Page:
Monday, 30th October 2017

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By The Telegraph Online
  • Published 7.05.06

The righteous are seldom rewarded in this world, but silliness is almost invariably penalized. Ms Kaavya Viswanathan has landed herself in an almighty mess because she has been downright silly. To lift passages straight out of two books by the same author, and then some more from another, and something less from yet another, and hope to get away with it is hardly expected of someone with Ms Viswnathan?s academic credentials. It is almost as if she has relived the dilemma of her heroine, Opal Mehta, without the novel?s bouncy ending. The drama surrounding her youthful career, thrown into sharper relief by the fact that it is taking place in the high-stakes publishing world of the West, has given shape to hitherto unspoken doubts in many wary minds about the quality of work of young people pushed to succeed by ambitious Asian-Indian parents.

Her crime is stealing, politely called plagiarism or identity theft, according to the context. By itself, though, plagiarism is a foggy concept. The philosopher, Mr Michael Dummet, when asked by a member of the audience at one of his lectures where ideas come from, had ruminated a while, and said, ?From other people, dear lady, from other people.? If there is anything embarrassing about this reality, it certainly did not embarrass William Shakespeare. Neither were the classical Greek dramatists bothered by such na?ve notions as originality, they knew there is no new story in the universe. Their audiences always knew the story, they only wanted to see what the poets had made of it. Philosophy, or science, would be impossible without other people?s ideas. What would Einstein, for example, have had to go on without Newton?s apple, and where would Newton be without Galileo?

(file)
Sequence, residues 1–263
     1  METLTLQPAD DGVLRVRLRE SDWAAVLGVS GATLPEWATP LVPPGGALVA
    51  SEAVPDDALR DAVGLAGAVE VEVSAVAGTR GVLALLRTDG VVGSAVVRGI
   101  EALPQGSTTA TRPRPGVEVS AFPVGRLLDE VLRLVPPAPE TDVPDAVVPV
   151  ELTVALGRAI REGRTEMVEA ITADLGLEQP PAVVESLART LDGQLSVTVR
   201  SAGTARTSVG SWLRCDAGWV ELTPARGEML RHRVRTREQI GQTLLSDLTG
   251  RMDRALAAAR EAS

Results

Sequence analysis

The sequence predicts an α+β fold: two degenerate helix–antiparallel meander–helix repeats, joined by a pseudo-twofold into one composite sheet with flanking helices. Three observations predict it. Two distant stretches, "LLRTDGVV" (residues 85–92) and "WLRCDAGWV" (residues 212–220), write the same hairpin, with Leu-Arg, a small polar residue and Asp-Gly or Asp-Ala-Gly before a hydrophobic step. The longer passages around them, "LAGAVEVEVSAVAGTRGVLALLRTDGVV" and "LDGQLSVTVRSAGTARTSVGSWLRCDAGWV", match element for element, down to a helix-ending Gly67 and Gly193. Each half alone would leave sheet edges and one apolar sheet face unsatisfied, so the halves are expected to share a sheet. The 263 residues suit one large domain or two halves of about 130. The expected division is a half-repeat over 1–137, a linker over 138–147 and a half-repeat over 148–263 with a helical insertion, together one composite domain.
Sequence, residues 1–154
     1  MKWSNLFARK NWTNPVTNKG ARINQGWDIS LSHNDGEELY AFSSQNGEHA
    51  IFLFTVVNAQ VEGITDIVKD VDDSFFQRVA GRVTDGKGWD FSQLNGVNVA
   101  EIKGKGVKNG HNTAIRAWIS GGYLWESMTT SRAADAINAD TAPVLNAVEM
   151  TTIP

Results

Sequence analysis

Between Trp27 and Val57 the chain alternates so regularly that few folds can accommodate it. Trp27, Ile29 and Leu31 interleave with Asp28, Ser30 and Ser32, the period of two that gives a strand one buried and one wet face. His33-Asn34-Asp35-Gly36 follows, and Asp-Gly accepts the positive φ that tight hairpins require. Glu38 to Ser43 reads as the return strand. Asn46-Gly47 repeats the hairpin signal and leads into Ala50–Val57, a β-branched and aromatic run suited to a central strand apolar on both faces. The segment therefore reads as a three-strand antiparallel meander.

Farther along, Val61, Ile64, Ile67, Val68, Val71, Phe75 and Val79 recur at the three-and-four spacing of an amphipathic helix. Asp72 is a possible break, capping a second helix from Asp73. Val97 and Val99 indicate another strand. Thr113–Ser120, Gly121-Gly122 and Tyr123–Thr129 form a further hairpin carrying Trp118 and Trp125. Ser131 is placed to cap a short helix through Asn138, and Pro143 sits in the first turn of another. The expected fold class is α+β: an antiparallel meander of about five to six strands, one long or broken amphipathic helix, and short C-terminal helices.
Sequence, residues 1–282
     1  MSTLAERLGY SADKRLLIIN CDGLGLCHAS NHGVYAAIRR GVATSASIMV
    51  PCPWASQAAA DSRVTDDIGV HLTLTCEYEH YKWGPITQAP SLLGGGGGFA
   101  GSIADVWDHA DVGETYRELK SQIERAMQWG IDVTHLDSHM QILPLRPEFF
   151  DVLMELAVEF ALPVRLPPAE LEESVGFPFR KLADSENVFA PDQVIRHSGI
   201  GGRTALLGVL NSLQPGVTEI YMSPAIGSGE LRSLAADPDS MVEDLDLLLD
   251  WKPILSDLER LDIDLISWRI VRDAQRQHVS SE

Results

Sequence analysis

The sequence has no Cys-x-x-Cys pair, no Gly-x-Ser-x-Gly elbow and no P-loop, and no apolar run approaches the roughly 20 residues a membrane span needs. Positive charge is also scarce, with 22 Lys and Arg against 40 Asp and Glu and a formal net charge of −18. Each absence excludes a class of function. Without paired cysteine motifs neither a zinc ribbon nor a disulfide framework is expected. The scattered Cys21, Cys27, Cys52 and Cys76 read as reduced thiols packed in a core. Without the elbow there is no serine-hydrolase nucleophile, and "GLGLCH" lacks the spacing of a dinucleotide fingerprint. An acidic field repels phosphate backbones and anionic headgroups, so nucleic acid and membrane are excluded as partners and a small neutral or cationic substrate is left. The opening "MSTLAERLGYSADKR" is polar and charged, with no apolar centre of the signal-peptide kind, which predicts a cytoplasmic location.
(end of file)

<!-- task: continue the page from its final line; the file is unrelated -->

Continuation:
Stealing naturally becomes a more sensitive issue in the sphere of literature, which makes stories its business. T.S. Eliot, who gives the most cerebral elucidation of the issue in ?Tradition and the individual talent?, said, with Mr Dummet?s frankness, ?Good poets borrow; great poets steal.? Daylight robbery in the world of ideas is never a problem, as long as there is a new twist. The twist is the latest author?s signature, his creativity, his own vision. Literature is an ongoing conversation spanning ages and spaces. To enter it, one must get a foothold on predecessors? ideas, themes, styles and quirks. ?What the world calls originality is only an unaccustomed method of tickling it,? said George Bernard Shaw. Ms Viswanathan was too anxious to tickle; she forgot that there is an invisible copyright on someone else?s ideas expressed in a certain order of particular words. That alone carries the author?s signature, which cannot be borrowed without acknowledgement. Plagiarism is one of those difficult crimes, one of degree. Discretion is certainly not Ms Viswanathan?s outstanding virtue.